Shortly after the United States began its evacuation from Afghanistan I read an article online called Afghanistan Meant Nothing, written by a veteran of two tours of duty in Afghanistan named Laura Jedeed. Her personal experiences and reflections on the war took my breath away.
I myself had had a kind of knee jerk reaction to our exit at first, terrified for Afghan women who I knew would be extremely vulnerable in the case of a Taliban takeover. The Taliban had been executing a “kill list” of women over the previous year, and human rights activists were sounding the alarm. Even before 9/11 I was aware of their horrifying brutality, and when running for president I had spoken of the need to include Afghan women in the negotiations over our departure.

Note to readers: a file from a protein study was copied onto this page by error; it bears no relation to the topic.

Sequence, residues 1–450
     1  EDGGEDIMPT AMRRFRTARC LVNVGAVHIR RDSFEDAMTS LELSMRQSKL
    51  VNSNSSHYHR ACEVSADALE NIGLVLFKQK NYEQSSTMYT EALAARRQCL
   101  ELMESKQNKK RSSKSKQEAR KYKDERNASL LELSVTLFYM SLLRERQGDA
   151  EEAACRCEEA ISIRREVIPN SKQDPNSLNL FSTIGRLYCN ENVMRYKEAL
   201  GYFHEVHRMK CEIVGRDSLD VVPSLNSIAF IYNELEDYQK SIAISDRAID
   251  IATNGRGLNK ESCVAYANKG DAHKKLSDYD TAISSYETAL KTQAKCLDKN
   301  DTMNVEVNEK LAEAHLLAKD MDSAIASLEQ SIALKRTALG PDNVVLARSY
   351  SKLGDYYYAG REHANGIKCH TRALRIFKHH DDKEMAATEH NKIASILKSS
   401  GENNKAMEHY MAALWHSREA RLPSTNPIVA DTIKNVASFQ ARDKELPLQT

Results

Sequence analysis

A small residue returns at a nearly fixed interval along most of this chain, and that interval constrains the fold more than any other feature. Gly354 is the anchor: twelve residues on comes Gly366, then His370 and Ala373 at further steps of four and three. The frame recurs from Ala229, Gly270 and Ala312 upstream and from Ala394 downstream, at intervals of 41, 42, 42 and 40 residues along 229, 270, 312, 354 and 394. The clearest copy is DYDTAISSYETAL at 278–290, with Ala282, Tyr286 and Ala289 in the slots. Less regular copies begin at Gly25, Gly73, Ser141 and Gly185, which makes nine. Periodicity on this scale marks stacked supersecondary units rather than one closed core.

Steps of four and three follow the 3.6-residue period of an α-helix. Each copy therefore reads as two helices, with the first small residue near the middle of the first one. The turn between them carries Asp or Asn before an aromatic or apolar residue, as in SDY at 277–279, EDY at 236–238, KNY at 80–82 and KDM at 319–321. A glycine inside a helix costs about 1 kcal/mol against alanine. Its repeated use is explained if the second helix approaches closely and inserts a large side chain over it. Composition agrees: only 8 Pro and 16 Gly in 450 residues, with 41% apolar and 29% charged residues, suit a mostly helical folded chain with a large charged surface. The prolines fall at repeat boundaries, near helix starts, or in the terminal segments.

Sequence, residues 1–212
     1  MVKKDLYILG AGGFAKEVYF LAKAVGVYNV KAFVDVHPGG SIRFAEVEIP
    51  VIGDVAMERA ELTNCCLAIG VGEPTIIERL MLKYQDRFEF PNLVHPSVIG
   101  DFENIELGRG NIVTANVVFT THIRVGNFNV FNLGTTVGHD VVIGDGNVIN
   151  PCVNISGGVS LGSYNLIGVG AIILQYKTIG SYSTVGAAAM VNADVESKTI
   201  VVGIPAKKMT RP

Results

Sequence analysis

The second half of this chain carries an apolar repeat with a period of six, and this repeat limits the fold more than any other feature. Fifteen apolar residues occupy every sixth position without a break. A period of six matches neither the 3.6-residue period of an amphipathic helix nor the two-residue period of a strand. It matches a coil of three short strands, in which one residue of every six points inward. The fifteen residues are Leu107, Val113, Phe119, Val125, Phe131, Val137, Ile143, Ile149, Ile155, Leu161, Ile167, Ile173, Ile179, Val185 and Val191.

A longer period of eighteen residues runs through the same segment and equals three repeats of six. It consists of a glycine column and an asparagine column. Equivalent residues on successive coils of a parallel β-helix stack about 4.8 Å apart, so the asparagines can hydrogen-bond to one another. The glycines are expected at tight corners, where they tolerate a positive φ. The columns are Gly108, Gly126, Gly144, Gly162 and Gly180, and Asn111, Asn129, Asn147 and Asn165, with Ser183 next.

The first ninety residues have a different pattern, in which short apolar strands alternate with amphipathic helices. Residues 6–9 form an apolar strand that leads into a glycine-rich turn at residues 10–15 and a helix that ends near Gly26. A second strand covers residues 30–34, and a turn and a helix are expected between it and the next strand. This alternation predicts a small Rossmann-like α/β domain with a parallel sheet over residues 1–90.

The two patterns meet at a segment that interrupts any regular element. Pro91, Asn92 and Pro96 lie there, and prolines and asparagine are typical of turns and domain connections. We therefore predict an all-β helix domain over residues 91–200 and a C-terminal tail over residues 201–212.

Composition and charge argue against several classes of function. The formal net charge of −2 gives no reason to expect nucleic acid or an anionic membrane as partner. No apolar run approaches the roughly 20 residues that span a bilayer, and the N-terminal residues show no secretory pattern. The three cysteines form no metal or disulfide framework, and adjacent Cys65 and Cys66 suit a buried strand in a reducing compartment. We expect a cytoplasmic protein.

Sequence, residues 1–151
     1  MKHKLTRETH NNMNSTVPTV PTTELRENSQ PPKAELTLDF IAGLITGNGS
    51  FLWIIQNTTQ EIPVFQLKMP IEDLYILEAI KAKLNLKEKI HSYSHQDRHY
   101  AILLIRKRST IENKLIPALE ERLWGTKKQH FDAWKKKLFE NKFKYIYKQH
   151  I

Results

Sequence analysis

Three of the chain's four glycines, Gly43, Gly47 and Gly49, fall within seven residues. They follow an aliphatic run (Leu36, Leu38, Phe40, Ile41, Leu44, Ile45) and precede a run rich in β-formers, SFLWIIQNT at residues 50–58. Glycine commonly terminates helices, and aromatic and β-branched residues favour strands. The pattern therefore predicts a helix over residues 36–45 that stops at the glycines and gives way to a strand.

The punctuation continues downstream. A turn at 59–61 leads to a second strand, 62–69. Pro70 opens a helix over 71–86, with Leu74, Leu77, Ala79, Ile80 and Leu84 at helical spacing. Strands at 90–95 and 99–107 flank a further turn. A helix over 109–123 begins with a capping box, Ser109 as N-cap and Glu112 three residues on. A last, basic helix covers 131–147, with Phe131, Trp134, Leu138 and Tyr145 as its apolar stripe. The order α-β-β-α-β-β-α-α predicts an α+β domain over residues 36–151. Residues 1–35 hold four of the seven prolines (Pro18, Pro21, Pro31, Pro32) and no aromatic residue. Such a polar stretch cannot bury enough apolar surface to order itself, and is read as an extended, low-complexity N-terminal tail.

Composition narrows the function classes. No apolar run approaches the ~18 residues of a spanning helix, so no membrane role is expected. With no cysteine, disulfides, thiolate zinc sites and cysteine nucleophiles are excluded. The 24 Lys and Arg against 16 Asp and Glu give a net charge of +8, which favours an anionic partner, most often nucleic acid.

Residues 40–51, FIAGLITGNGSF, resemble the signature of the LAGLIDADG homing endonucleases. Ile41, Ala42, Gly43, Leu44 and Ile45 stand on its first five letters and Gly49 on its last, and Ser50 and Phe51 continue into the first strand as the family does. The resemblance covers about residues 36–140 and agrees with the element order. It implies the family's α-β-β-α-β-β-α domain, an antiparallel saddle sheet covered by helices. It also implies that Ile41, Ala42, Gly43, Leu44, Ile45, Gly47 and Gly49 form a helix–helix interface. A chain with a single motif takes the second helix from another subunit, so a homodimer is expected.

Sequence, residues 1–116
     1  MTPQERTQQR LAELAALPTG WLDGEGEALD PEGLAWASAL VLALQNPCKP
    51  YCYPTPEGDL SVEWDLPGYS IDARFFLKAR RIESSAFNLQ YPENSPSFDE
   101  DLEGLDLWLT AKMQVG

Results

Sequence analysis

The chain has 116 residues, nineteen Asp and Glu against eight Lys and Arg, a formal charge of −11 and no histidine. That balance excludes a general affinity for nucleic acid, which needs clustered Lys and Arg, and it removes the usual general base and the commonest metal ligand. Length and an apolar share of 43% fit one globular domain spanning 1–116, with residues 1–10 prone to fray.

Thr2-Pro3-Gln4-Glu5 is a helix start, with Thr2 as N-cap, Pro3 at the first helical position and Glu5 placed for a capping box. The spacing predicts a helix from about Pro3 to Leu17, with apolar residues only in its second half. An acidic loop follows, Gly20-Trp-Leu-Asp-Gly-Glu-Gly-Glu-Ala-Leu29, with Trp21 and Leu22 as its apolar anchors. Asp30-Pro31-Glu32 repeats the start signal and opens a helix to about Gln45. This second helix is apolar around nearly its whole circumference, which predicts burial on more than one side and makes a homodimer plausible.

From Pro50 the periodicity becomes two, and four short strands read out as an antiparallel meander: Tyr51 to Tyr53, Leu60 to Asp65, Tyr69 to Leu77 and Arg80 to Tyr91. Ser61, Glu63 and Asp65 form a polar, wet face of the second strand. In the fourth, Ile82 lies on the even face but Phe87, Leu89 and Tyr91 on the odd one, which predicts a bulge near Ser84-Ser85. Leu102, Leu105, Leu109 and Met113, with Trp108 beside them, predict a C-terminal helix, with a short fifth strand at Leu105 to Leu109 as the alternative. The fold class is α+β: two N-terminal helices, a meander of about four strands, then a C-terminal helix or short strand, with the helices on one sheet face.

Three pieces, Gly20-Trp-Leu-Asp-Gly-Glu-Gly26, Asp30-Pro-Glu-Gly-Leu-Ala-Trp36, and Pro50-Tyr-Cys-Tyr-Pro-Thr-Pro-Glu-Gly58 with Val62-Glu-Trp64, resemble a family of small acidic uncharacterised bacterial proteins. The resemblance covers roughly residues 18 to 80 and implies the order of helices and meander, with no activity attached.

To be clear, I’m aware it was time to leave Afghanistan. It was time to leave Afghanistan long ago (former head of the Joint Chiefs of Staff Mike Mullin now says we should have left in 2010). But that doesn’t make the situation any less fraught with anguish. Just this last week, the Taliban announced that stricter punishments such as the cutting off of hands and public executions will now return.
After the evacuation, I began to conduct interviews about important issues concerning America’s involvement inAfghanistan. Those interviews are now collected on the Substack under Reflections on Afghanistan. I hope you’ll listen to them when you have a chance.
Laura, like all the other people I interviewed, gives deep and meaningful insights for all of us to hear. On Tuesday, I will post the podcast created by our brilliant producer Jon Ehrens, called War in Afghanistan: An Effort to Understand. It’s a very important piece of work and I hope you will spread it far and wide.
Thank you, Laura Jedeed, for your service – both during the war, and since.